Super-spreader, dad bod, amirite: Merriam-Webster dictionary adds 455 new words to its lexicon

However, abbreviations and Gen-Z language are not the only additions to the lexicon. (Representational image: Getty via IE)

Dictionary and new words: Language is an ever-evolving phenomenon, and with it, so do dictionaries. Now, the Merriam-Webster dictionary has decided to add a whopping 455 new words to its dictionary. But they’re not just words. No! The list also includes a number of slang words and abbreviations that have become common usage on social media, according to a report by news agency AP. Announcing its decision, the about 200-year-old company said on its website that just like a language never stops evolving, the dictionary also always continues to expand. It added that in a living language, new terms as well as new uses for terms that already exist continue to come up.

It stated that the pandemic has seen an increase in the informal nature of texting, messaging and tweeting and it has led to the vocabulary becoming newly rich in efficient as well as abbreviated expression. Among the new abbreviations that have been added are TBH, which stands for “to be honest” and FTW, for “for the win”. The latter refers to a phrase that is often used to express support to something, while on social media, it is often used to acknowledge a response that is funny or clever.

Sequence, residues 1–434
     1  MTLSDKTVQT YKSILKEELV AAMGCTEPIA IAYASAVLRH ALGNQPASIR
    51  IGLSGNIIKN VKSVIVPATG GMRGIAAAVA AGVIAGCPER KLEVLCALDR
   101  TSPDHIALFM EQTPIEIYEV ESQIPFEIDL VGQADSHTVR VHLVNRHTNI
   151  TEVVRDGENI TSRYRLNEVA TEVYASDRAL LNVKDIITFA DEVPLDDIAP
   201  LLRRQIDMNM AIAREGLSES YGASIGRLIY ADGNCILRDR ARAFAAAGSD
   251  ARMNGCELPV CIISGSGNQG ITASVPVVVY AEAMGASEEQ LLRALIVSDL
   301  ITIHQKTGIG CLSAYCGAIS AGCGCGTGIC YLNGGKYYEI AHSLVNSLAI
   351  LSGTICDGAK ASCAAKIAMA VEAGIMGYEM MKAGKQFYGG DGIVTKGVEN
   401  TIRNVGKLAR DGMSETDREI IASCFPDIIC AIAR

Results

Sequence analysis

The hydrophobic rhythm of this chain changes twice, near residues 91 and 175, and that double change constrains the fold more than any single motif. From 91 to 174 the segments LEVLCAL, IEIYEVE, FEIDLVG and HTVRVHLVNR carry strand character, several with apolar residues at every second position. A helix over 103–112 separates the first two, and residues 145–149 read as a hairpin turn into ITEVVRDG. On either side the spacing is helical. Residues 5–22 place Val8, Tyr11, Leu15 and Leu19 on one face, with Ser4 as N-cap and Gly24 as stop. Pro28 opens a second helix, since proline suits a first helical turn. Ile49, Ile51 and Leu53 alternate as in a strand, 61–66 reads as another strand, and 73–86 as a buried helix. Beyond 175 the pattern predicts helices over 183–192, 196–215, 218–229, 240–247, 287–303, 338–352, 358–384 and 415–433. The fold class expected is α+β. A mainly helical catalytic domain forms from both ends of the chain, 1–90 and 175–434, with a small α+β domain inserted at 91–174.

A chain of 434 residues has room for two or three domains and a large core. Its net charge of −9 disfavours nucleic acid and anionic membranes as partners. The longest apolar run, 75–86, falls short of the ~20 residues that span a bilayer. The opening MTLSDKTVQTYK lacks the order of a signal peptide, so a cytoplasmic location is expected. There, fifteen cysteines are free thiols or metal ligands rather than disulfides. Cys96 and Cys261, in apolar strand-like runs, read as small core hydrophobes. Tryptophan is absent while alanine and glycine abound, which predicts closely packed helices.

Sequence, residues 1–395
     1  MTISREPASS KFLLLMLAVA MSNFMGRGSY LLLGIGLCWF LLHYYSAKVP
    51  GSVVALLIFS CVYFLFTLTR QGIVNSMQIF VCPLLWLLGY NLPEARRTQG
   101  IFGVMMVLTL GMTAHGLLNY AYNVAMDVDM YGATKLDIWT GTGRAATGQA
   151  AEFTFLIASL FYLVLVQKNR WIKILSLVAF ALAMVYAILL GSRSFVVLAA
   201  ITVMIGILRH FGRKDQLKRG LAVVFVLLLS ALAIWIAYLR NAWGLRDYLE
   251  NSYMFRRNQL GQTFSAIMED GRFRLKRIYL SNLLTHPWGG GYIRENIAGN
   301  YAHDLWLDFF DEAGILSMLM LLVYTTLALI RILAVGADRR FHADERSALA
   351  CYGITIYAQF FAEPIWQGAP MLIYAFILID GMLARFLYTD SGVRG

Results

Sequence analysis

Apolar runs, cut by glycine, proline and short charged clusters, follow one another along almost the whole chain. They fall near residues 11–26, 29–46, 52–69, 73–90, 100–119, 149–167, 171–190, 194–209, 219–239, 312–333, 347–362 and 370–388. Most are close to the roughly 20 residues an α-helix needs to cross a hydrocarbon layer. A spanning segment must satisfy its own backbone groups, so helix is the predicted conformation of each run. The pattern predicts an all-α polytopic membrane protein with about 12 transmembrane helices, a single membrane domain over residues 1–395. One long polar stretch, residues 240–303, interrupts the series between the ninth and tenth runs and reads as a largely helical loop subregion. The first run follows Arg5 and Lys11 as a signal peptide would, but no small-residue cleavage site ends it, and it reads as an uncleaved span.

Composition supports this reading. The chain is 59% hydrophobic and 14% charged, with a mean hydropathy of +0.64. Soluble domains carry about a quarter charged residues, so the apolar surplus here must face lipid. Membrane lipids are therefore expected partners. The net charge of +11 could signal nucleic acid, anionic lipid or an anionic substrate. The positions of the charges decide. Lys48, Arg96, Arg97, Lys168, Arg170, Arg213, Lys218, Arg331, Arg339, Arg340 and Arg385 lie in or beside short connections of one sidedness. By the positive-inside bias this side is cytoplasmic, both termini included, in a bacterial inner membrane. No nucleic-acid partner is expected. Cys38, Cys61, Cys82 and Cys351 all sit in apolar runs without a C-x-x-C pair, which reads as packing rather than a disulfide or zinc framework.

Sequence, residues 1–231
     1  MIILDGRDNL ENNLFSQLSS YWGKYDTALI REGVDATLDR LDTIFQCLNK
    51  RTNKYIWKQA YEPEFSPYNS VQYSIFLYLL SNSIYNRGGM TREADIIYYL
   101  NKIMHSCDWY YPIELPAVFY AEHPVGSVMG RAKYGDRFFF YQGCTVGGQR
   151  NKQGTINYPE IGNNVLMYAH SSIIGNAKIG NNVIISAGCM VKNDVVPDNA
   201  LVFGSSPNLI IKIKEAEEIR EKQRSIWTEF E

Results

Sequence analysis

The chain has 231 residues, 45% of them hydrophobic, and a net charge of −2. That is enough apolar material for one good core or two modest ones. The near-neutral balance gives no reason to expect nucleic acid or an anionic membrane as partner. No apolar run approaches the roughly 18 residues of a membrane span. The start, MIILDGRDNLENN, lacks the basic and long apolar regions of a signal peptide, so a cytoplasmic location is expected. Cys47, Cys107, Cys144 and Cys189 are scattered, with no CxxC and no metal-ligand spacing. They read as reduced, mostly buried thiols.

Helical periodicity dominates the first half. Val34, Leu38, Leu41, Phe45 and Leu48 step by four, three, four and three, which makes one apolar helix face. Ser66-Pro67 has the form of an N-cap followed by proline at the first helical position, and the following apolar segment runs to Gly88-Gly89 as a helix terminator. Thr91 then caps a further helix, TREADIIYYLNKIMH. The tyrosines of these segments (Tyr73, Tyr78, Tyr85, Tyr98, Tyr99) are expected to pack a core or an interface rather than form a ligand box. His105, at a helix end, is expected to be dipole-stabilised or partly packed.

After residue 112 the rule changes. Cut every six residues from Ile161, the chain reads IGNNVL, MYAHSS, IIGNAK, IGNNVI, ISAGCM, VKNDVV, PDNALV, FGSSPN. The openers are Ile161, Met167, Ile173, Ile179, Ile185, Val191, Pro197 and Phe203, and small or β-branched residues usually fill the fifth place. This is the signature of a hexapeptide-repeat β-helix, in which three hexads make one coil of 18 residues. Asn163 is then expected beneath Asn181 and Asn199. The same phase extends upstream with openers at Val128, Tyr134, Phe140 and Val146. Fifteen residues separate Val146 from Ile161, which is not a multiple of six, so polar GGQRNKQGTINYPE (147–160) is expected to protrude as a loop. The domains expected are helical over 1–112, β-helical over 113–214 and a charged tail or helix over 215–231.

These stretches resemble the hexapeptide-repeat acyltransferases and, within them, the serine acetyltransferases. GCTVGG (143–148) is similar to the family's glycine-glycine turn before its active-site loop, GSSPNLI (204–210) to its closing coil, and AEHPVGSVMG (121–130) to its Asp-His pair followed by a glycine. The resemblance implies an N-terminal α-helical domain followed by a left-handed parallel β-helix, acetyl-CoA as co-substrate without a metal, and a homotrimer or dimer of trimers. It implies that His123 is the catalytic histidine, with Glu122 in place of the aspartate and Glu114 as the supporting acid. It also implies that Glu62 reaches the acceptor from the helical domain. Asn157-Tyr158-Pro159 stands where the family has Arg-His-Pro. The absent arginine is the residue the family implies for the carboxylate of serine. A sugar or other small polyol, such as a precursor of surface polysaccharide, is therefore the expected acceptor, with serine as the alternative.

Apart from this, “amirite” has also been added to the dictionary. It is a quick way to write “am I right?” “Dad bod” is also now a word that the dictionary recognises as a physique that is typically linked to that of an average father, especially a father who is not exactly muscular and is a little overweight.

However, abbreviations and Gen-Z language are not the only additions to the lexicon. Coronavirus pandemic has also caused new terms to be entered into the dictionary. “Long COVID”, “super-spreader” and “vaccine passport” have been added.

Politics has also lent a few words to the dictionary, with Merriam-Webster having now added “Whataboutism” (“Whataboutery” for Britons) in the lexicon, and it refers to a situation in which an accusation of wrongdoing is responded to by claims of another wrongdoing that was similar or worse.

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